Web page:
[...]

    Btrfs has been the default filesystem for Fedora Workstations since Fedora 33, but the Fedora Project team has done one better in Fedora 34. In this release, the zstd compression is made as default when using Btrfs. This compression will be essential for increasing read and write performance of larger files, with the potential to speed up related workflows.

    Fedora 34 has successfully managed to switch over to PipeWire from PulseAudio for its audio needs. Overall, PipeWire is more secure and offers a better audio experience in Fedora 34 than with PulseAudio sound daemon, which was the default in previous Fedora releases.

  • Fedora 34 Releases with GNOME 40, Linux Kernel 5.11, and a New i3 Spin

    After the release of the Fedora 34 beta a week ago, Fedora 34 stable release is finally here with exciting changes and improvements.

    As expected this release of Fedora arrives with the latest Linux kernel 5.11 along with significant changes such as Gnome 40, PipeWire, availability of a Fedora i3 Spin, and various other changes.

    Let’s take a look at the important changes coming to Fedora 34.

    [...]

    One of the biggest highlights is the arrival of the GNOME 40 desktop. Fedora 34 is one of the few distributions in which you can experience the latest Gnome 40 right now. So, this change is worth noting.

    Taking a look at KDE Plasma, Wayland becomes the default display server for KDE Plasma in Fedora 34. Moreover, KDE Plasma Desktop image is available for AArch64 ARM devices as well.

IBM 'community' posturing

  • F34 elections nominations now open

    Candidates may self-nominate. If you nominate someone else, please check with them to ensure that they are willing to be nominated before submitting their name.

    The steering bodies are currently selecting interview questions for the candidates.

    Nominees submit their questionnaire answers via a private Pagure issue. The Election Wrangler or their backup will publish the interviews to the Community Blog before the start of the voting period. Fedora Podcast episodes will be recorded and published as well.

    Please note that the interview is mandatory for all nominees. Nominees not having their interview ready by end of the Interview period (2021-05-19) will be disqualified and removed from the election.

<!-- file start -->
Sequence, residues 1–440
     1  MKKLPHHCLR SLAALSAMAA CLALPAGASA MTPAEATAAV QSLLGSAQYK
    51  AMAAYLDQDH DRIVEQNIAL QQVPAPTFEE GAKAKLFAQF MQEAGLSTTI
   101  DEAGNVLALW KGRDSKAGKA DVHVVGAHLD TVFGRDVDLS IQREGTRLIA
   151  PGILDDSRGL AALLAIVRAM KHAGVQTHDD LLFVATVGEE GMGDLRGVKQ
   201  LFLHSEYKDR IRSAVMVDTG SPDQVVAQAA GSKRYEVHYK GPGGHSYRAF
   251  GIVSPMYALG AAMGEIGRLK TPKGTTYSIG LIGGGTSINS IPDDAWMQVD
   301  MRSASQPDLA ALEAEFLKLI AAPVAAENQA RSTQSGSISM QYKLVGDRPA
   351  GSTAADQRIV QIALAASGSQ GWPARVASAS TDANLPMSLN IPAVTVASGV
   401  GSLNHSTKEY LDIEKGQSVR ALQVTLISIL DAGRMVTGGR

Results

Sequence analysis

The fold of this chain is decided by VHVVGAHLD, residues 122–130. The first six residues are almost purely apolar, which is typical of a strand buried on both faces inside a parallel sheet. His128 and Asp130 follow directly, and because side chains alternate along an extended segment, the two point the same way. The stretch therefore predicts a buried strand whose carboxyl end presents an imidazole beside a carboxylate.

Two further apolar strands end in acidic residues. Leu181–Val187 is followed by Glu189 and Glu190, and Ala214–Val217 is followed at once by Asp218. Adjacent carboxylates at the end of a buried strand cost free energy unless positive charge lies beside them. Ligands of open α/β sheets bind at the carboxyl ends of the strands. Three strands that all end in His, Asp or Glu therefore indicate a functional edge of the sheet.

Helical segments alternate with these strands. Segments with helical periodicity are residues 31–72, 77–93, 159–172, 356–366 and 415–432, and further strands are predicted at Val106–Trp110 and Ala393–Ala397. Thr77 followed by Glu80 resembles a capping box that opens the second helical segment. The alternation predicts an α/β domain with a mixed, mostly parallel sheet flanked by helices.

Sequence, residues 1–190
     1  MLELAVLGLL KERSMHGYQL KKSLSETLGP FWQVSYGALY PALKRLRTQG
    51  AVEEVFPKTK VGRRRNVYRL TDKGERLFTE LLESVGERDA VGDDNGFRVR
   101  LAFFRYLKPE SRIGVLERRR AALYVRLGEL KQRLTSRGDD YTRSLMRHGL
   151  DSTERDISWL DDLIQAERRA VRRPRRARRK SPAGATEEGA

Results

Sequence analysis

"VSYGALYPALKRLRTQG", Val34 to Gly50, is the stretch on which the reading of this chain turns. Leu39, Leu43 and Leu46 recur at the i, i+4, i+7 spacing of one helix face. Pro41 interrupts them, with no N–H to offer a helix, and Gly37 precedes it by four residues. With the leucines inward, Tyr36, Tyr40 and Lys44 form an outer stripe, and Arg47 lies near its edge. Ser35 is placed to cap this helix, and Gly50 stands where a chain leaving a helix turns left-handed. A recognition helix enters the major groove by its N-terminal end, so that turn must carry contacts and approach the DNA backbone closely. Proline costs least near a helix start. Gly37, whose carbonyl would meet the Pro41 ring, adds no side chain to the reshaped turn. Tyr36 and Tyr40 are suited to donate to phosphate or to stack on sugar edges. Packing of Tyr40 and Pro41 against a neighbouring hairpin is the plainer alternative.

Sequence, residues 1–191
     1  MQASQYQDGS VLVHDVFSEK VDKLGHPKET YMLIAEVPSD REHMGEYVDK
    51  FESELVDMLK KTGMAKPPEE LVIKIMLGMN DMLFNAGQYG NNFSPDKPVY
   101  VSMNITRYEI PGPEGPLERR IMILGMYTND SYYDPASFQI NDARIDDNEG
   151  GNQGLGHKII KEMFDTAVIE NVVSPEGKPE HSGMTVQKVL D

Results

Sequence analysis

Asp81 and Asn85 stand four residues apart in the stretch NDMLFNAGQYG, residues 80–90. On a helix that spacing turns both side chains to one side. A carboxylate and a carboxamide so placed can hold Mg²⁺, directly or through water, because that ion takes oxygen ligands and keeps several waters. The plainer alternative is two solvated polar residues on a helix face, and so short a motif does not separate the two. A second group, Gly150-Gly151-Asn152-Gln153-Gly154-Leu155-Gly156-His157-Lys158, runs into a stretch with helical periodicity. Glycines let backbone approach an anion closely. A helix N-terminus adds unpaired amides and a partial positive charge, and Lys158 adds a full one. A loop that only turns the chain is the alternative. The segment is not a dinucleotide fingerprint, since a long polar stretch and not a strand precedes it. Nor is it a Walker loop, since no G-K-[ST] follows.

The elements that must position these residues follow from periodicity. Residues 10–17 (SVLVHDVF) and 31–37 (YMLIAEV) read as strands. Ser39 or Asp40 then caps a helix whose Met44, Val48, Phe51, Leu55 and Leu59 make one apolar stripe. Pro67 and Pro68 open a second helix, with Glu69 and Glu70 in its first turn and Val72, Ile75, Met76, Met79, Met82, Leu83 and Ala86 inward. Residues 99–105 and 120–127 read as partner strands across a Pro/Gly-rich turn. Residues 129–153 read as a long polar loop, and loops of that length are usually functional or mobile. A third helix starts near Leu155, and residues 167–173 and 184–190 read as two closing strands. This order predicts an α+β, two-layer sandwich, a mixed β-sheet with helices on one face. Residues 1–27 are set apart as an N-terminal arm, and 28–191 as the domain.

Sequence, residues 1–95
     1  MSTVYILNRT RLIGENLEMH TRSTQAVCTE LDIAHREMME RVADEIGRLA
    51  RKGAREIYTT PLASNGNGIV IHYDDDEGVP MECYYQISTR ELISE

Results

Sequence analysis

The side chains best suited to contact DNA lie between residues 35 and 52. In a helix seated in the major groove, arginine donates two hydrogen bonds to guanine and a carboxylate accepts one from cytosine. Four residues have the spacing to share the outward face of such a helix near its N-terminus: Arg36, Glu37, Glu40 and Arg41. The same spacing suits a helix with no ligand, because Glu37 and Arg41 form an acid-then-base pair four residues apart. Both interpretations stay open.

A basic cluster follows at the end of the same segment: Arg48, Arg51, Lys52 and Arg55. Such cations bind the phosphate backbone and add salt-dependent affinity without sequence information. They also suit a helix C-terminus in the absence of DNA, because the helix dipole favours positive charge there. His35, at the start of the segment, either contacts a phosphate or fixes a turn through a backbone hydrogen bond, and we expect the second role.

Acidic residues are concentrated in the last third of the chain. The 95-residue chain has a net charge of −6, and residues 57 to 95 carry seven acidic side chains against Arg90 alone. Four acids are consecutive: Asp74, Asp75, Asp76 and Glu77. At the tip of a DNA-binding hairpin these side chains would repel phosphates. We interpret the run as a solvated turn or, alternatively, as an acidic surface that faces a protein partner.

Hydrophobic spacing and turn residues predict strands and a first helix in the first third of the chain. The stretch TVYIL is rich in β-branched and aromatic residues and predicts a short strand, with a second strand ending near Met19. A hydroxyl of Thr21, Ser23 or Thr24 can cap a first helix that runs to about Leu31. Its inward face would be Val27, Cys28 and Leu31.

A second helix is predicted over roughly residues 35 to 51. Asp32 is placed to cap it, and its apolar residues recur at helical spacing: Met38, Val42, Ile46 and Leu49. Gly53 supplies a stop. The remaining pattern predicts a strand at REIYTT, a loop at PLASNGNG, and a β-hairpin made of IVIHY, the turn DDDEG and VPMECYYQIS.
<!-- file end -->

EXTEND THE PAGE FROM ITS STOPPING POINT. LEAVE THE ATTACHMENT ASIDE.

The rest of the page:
Hidden Features of Fedora 34 | LINUX Unplugged 403

  • Hidden Features of Fedora 34 | LINUX Unplugged 403

    The new release of Fedora has more under the hood than you might know. It's a technology-packed release, and nearly all of it is coming to a distro near you.

    Plus the questions we think the University of Minnesota kernel ban raises, and more.

Looking forward to Fedora 34

  • Looking forward to Fedora 34

    The Fedora project may have managed to shake off its reputation for delayed releases in recent years, but that hasn't stopped the release date for Fedora 34 from slipping one week to April 27. Modulo a handful of bugs, though, this release is in its final form, so a look at what is coming is warranted. Distribution releases, especially those for fast-moving community distributions, are a good point at which to catch up with the state of many free-software projects and where Linux is headed in general. Fedora 34 includes a lot of changes, including the GNOME 40 release but, for the most part, it looks like an exercise in continuity.
    Incidentally, your editor has been made aware that we are all supposed to call the distribution "Fedora Linux" now, with the bare name "Fedora" reserved for the project. So this article should properly be talking about "Fedora Linux 34", but old habits die hard.

    Like many distributors, Fedora makes it easy to beta-test its upcoming releases so, on a whim, your editor decided to update his system and see what was coming; what could possibly go wrong? The target Thinkpad, which nicely came with Fedora pre-installed by the manufacturer, was just sitting there waiting for this sort of opportunity. As expected, the upgrade went smoothly and the laptop booted up in the new system without any obvious hitches.

Fedora 34 overview | Welcome to Freedom.

Fedora Linux 34 has landed, and it's an exquisite take on

  • Fedora Linux 34 has landed, and it's an exquisite take on the desktop

    When last I wrote about Fedora 34, the desktop operating system was still in beta. I tested that beta and found it to be a remarkable step forward for Fedora Linux. I called it a game-changer. Why? Let me count the ways.

    First, there's GNOME 40, which turns this particular open-source desktop workflow into a thing of beauty. Although I already felt GNOME had a pretty decent workflow, everything changes with this latest iteration. Switching from the vertical to horizontal layout might seem like a small change, but it's quite profound in how well it ups the efficiency of the desktop. Everything just makes sense now; so much so that I keep asking myself, "Why didn't the GNOME developers do this all along?"